Detection of liquids and gases via electrical resistance measurement

In the NB department experiments on the detection of liquids (such as various solvents or water) and gases (e.g. saturated or diluted solvent vapors or atmospheric humidity) are carried out on electrically conductive polymer composites with carbon-containing fillers. For this purpose a measuring station was set up that allows a polymer composite sample to be exposed to the liquid or gas and the electrical resistance of the sample to be measured simultaneously. The interactions of the liquid and gas molecules with the sample can lead to swelling of the polymer and thus to expansion of the conductive filler network, which results in an increase in electrical resistance. The strength of the interaction of the polymer with liquids or gases can be estimated by calculating the Flory-Huggins interaction parameter. The expansion of the filler network is determined by both the swellability of the polymer and the initial density of the electrically conductive network. For a spontaneous increase in resistance, a rapid separation of filler contacts is necessary. This is most likely to be ensured by a loose network, i.e. when using polymer composites with filler contents just above the electrical percolation concentration.

The measurement of the initial electrical resistance of the polymer composite R0 is first carried out in air. Then the sample is flushed evenly with the liquid or gas and the resistance (R) is measured as a function of time. The relative resistance change Rrel is a measure of the sensor response of the material and is calculated as follows: Rrel [%] = (R-R0)/R0⋅100%.

In cyclic experiments, where the sample is exposed to the liquid or gas and air several times in alternation and for a limited time, the reversibility of the sensor response can be determined. For gases, the measurements can be carried out either in a saturated gas atmosphere or at defined gas concentrations, which can be adjusted via a controlled mixture with air.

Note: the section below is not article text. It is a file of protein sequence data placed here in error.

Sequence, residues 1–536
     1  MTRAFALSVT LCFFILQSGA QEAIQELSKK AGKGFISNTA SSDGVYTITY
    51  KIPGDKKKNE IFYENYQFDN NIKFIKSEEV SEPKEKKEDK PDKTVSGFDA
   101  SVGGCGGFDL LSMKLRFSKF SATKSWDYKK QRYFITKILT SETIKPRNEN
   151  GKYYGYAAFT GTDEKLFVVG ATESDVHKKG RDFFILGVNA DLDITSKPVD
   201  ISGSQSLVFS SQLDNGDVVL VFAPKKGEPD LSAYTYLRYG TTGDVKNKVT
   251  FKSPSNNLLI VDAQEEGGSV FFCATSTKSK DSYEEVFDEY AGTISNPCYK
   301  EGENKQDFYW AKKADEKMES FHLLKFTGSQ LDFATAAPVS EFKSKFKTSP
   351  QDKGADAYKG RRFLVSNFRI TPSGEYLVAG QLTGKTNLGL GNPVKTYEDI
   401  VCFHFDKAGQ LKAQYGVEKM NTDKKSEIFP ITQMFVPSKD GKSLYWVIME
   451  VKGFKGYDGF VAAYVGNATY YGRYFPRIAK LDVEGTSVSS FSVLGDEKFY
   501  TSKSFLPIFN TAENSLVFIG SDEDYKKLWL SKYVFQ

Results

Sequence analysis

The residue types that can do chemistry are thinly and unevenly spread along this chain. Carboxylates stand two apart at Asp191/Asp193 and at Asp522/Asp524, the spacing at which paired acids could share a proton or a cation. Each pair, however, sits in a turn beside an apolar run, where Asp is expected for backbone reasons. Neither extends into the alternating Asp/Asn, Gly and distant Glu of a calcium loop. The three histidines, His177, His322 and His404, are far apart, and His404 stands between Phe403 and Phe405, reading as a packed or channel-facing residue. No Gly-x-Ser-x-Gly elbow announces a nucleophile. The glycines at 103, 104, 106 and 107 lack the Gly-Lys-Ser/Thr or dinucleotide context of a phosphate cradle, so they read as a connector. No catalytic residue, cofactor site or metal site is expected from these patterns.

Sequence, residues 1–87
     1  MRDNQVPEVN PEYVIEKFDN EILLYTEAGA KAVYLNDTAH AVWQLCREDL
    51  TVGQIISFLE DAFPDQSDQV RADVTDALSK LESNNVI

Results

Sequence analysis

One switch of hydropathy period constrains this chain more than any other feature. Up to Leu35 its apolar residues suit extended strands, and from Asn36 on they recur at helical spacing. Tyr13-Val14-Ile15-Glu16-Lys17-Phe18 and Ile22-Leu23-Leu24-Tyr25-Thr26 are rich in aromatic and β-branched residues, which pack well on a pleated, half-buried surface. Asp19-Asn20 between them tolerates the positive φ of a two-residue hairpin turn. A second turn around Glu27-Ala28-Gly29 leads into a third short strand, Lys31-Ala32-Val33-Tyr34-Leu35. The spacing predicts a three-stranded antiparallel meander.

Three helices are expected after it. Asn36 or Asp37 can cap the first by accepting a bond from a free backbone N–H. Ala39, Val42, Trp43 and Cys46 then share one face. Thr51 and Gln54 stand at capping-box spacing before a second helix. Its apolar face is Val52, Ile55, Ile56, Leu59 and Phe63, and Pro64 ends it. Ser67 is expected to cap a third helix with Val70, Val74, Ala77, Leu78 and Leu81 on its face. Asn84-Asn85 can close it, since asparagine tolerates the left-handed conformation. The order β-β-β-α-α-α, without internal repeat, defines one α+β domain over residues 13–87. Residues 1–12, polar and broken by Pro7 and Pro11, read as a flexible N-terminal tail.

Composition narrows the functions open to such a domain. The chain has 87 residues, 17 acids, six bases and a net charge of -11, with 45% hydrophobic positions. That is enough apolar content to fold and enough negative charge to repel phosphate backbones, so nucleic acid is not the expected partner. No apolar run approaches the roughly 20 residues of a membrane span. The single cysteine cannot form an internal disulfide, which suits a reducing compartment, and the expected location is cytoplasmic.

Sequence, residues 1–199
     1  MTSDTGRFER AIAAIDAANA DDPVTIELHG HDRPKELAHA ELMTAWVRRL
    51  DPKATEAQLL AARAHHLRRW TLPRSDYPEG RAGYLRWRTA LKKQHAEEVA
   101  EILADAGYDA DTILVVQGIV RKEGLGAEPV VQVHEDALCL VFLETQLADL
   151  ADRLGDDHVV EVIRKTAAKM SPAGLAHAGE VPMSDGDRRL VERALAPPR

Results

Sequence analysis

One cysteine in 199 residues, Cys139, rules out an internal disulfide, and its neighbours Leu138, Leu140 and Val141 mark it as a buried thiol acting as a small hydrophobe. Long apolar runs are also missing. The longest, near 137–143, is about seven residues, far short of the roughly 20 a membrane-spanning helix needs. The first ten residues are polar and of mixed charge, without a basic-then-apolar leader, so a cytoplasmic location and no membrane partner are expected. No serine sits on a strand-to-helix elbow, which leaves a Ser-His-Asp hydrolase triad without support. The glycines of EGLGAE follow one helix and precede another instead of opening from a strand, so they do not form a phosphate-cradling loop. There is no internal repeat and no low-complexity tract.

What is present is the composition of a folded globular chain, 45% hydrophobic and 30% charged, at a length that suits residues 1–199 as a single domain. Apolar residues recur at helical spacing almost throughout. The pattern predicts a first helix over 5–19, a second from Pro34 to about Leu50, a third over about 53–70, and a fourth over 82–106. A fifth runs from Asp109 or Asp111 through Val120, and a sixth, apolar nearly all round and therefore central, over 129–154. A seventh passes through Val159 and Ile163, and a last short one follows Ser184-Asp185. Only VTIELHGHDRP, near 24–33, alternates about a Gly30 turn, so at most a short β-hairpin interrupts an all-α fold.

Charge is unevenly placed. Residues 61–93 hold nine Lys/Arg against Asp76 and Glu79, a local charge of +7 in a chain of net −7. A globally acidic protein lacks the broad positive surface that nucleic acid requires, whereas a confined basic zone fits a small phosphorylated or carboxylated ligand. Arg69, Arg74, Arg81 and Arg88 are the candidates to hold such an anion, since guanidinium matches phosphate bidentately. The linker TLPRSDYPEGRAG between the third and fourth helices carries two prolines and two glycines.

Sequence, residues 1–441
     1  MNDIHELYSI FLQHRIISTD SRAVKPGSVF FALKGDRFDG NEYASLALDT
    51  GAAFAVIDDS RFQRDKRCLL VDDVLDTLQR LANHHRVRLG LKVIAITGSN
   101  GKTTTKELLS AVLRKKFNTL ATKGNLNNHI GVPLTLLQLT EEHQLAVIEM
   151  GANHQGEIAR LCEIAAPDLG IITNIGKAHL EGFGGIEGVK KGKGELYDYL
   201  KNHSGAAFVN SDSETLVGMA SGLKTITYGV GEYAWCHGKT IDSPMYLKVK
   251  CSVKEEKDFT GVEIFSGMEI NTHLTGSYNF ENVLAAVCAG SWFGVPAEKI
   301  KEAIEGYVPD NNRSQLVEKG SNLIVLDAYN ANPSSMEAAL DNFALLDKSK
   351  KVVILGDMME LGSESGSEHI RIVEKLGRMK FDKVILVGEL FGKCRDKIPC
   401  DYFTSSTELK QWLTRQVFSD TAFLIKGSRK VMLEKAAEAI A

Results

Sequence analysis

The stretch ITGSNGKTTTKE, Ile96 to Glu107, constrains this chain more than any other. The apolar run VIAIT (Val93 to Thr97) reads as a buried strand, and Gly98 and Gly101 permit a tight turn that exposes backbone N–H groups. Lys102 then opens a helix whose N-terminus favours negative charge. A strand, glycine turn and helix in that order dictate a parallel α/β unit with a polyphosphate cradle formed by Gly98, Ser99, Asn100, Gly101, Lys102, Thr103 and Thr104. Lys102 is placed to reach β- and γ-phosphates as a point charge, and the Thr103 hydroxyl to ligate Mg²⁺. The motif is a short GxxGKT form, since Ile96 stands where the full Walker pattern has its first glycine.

For liquid sensing, U- and rod shaped samples are used where the legs are electrically contacted and only the lower part is immersed in the liquid. For gas sensing, rectangular samples are predominantly used. In principle, fibres or fibre bundles can also be measured. The samples are contacted by coating the contact points with conductive silver and fixing them between two crocodile clamps. The electrical resistance is measured using a Keithley Sourcemeter 2400 and is recorded and evaluated using a software developed at the IPF (Research Technology Division). From the measured electrical resistance values and entered geometry values, the specific resistance and the conductivity and from these the resistance changes are calculated as a function of time and displayed graphically. The data and corresponding diagrams are stored in an Excel file.

Technical data

  • Design of the measuring stands: In-house development IPF
  • Measuring range: Gases at room temperature, liquids also at higher temperatures due to temperature control in the thermostat.
  • Electrometer: Keithley Sourcemeter 2400, measuring limit approx. 200 MOhm
  • Software: In-house development of the research technology department based on an Agilent VEE application. Recording of the measured values including calculations (specific values, relative values) and presentation in an Excel file.